For the latest news on the new MBS temporary bulk billed telehealth item numbers for coronavirus (COVID) - please consult www.mbsonline.gov.au, including links to the temporary item numbers coronavirus (COVID-19) factsheets and latest news. Factsheets are available for Allied Health providers, Consumers, GPs and OMPS, Mental Health practitioners, Nurse Practitioners, Obstetric Attendances, participating Midwives and Specialists. Please find further information at COVID-19 Temporary MBS Telehealth Services factsheets.
What platforms are best use for telehealth/video calls?
MBS telehealth services are videoconference services, and this is the preferred approach for substituting a face-to-face consultation. However, in response to the coronavirus (COVID-19) pandemic, providers will also be able to offer audio-only services via telephone if video is not available. There are separate items available for the audio-only services.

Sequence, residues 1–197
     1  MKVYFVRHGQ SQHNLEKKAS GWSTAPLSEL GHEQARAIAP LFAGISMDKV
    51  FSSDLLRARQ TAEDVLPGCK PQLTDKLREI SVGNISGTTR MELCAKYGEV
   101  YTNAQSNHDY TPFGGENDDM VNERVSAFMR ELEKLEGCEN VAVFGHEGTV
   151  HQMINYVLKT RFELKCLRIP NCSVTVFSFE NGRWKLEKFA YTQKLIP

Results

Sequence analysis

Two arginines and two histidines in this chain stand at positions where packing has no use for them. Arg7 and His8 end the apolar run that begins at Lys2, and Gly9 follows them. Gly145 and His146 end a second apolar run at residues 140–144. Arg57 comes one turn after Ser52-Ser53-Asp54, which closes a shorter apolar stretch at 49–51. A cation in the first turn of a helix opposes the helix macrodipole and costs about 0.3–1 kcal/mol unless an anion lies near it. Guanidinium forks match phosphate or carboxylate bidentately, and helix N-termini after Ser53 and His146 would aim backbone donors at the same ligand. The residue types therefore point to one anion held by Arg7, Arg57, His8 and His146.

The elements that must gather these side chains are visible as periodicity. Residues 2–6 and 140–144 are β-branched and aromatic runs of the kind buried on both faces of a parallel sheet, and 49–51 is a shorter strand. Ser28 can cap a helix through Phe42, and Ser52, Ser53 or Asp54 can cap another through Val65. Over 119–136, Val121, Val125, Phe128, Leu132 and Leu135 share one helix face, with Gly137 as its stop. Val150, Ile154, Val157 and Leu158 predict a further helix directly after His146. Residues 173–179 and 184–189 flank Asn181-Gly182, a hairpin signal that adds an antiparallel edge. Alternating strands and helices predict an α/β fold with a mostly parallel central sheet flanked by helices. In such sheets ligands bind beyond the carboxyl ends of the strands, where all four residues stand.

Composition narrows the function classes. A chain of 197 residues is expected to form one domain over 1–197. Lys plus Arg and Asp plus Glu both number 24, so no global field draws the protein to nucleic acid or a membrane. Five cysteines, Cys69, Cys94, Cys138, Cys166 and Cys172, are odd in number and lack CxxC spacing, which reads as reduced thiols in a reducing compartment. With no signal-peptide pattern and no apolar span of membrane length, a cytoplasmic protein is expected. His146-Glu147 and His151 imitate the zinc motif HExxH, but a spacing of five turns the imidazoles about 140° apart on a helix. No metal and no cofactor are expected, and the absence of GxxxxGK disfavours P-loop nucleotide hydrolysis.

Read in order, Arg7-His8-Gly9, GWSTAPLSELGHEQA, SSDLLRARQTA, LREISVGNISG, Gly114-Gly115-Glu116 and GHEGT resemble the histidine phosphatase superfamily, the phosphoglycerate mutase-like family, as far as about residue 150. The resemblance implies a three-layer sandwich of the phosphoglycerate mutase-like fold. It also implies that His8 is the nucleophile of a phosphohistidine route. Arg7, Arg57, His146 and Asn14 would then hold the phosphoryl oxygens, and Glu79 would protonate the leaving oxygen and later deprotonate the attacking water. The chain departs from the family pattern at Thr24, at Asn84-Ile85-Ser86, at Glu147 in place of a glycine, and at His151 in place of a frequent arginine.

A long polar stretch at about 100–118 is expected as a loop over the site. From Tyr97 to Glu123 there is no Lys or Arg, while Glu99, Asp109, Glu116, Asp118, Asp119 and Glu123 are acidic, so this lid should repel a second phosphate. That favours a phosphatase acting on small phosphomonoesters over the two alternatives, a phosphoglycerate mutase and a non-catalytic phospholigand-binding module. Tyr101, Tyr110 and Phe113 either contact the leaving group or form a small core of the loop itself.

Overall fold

No specific equipment is required to provide Medicare-compliant telehealth services. Services can be provided through widely available video calling apps and software such as Zoom, Skype, FaceTime, Duo, GoToMeeting and others.
Free versions of these applications (i.e. non-commercial versions) may not meet applicable laws for security and privacy. Practitioners must ensure that their chosen telecommunications solution meets their clinical requirements and satisfies privacy laws.
For further updates, refer to commonwealth government overarching COVID-19 Temporary MBS Telehealth Services factsheets.
If I cannot physically examine my patient, how can I effectively provide the correct diagnosis and medical advice?